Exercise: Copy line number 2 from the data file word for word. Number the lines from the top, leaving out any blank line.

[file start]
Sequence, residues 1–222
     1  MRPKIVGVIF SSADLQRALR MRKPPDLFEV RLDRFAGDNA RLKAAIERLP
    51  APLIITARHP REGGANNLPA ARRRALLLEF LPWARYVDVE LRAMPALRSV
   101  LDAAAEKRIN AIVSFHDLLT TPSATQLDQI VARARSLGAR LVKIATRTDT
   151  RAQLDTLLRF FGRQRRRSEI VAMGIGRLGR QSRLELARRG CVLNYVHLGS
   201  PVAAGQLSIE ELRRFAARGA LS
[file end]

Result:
     1  MRPKIVGVIF SSADLQRALR MRKPPDLFEV RLDRFAGDNA RLKAAIERLP